By Chinwe (pictured above) of Hair and Health

Deciphering the facts from the myths can be overwhelming, especially for those just starting their hair care journey.  Does braiding help the hair to grow faster?  Does black hair really grow slow?  Well, let’s get to the facts and bust a few myths in the arena of hair growth:

1. Kinky hair can only grow long if loc’ed

Fortunately, this myth is not as prevalent as it used to be thanks to hair inspirations like Sera.  However, it still exists, so let’s bust it.

The reality is that kinky hair can grow long with the right hair care regimen. A combination of protective styling and low manipulation can help those with this hair type to achieve length retention.  Again, just look at Sera’s progress.   If you have kinky, or type 4b/4c hair, do not feel like you have to transition to locs in order to grow your hair long.  Locs should ideally be a style one wears out of desire and not necessity.

2. Braid extensions will help your hair to grow faster

Believe it or not, this is a common myth that requires busting. What we do know is that one’s growth rate is determined largely by genetics and then diet and health. What braid extensions do allow for is length retention – not faster growth – when properly maintained. Poor maintenance of your hair while in braids can actually produce hair loss.

3. Black hair grows slow

Brace yourselves for the busting of this myth.  Does black hair grow slow?  No.  Just look around you and on photo-sharing sites.  You will not have to look too far to find black women with average or faster than average growth rates.  Now some of you may be thinking ahead and asking “What about African hair”? Several years ago, there was a study (published in a respected journal) that demonstrated slower hair growth rates in Africans versus Caucasians even suggesting less than average growth rates (4 inches/year, give or take) in Africans.  While the study is respectable, one has to consider the sample size (38 subjects), the region (only a portion of Africa was considered), and that it did not account for environmental factors.  Additionally, the study’s findings do not translate into “all” Africans having slow hair growth rates.  I have witnessed African women with average to fast hair growth rates, both online (e.g., just peruse the photo-sharing site of Sera, who is originally from Sierra Leone) and in person (e.g., my sister, who is Nigerian).  All black people – and all African people – are not the same.  Some of us have slow growth rates, while some of us average, and some of us fast.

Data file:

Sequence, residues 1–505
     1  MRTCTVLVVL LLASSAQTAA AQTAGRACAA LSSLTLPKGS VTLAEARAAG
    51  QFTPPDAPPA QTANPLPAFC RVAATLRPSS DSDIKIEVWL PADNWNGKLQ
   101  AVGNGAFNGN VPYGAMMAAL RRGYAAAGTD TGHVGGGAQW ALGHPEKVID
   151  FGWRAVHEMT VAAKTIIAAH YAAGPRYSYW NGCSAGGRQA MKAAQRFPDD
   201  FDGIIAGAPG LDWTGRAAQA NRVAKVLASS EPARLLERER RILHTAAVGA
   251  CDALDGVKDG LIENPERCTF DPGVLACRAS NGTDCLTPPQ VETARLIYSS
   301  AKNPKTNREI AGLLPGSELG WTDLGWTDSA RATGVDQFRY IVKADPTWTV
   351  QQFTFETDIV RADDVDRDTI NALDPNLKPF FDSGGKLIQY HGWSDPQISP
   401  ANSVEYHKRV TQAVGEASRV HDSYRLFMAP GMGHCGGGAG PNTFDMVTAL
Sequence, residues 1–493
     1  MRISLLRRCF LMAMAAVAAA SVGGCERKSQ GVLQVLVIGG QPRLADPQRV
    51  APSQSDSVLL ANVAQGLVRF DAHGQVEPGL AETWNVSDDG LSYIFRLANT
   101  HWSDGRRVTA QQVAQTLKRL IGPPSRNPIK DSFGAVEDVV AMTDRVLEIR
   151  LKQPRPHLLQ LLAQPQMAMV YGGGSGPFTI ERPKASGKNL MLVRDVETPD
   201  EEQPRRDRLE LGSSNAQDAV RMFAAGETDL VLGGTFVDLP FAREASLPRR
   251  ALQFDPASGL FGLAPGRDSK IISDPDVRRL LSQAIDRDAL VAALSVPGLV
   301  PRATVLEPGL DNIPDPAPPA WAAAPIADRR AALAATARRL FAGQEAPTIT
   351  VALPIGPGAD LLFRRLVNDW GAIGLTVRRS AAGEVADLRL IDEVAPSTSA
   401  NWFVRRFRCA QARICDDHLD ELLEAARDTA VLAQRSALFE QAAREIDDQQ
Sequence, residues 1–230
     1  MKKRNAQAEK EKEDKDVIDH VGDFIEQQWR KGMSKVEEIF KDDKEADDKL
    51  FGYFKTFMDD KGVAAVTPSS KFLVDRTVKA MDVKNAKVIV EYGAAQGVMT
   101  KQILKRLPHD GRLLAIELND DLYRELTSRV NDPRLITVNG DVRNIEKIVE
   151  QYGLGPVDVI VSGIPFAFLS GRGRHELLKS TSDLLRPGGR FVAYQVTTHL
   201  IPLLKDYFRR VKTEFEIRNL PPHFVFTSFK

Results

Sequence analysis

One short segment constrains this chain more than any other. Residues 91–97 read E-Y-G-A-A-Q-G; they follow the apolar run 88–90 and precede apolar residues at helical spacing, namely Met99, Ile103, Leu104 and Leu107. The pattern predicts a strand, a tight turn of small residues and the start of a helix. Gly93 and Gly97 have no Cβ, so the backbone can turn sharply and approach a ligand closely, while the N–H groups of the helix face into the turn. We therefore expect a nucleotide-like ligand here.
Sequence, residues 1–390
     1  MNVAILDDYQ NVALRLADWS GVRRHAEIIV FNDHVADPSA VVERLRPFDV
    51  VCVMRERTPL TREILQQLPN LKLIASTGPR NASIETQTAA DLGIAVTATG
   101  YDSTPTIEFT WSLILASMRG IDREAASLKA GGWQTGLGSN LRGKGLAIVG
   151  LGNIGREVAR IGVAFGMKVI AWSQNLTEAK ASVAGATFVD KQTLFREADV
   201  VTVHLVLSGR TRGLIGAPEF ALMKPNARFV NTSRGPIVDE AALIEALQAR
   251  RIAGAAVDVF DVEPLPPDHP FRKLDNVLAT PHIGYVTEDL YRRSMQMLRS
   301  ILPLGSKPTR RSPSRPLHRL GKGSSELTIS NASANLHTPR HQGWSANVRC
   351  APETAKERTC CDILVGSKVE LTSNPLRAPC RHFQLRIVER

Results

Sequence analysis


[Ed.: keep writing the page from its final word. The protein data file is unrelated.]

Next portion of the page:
4. Trimming makes your hair grow faster

If you missed this informative post by Jc, please do read it.  The bottom line is that trimming does not make the hair grow faster.  It does not have an effect on our growth rate.  What trimming can do is cut away the damaged ends of the hair thus allowing for one to attain longer length.  Length retention and growth rate are two different areas.

Well, that is it for the myths on hair growth.

What are some other myths you have heard?


Healthy hair care tips and more!

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151 Comments on "4 Myths About Black Hair Growth"

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We can argue back and forth about whether it is true or not that Black hair grows the slowest, trimming, blah blah, but there’s enough Youtubers and forums such as this one that can attest to, with proper care, Black hair (AA or African) can grow just as fast and long as other ethnicities WITH PROPER CARE. I think shrinkage really masks our growth rate a lot, which is why when I picture-document my hair growth I always reference with hand-stretched hair. Trust, it grows just as fast.

From L’oreal whose busine$$ is hair Asian hair holds the speed record for growth with 1.3 cm (app .52 inches) a month. On the other hand, it has lower density than any of the other ethnic groups. The way its follicle is implanted causes the hair to grow straight, perpendicular to the scalp. African hair, generally black hair, is the slowest growing of all, at less than 0.9 cm (app .36 inches) a month. On the other hand it is slightly more dense than Asian hair and grows almost parallel to the scalp, twisting around itself as it grows. As… Read more »
Mizz Tbone



Now let me preface this by saying that I grew up around loc’d people so much so that it was the norm for me. My dad was loc’d. However, amen on that! Why is it that people are quick to say that 4b/c is best, looks best, grows best and can only reach longer lengths in a loc’d state? I think I know why but interested to see what others say.


i think it’s because typically it’s easiest for black people to grow long hair when it is worn in locs. Now as to the aesthetics of it, i can’t answer for that. i don’t think it necessarily looks better in locs, and i think that locs is no more than a style preference. but the logic of it dictates that if one wants long hair the fastest way they can get it, the best way would be to loc it. that goes across the board for all races, actually, not just black.


Even though they won’t admit it, SOME people only like 4b/4c textured hair when it is in styles that “hide” or “deceive people” of their true texture.


My mother was from the St Lucia and all her life had midback to waist length unprocessed thick coily hair. I on the other hand am struggling to grow my hair to shoulder length – I know that this is because I struggle to stop it breaking it is thick and kinky as well as fragile. If it wasn’t for my mother I too would have grown up believing that black hair never grew long.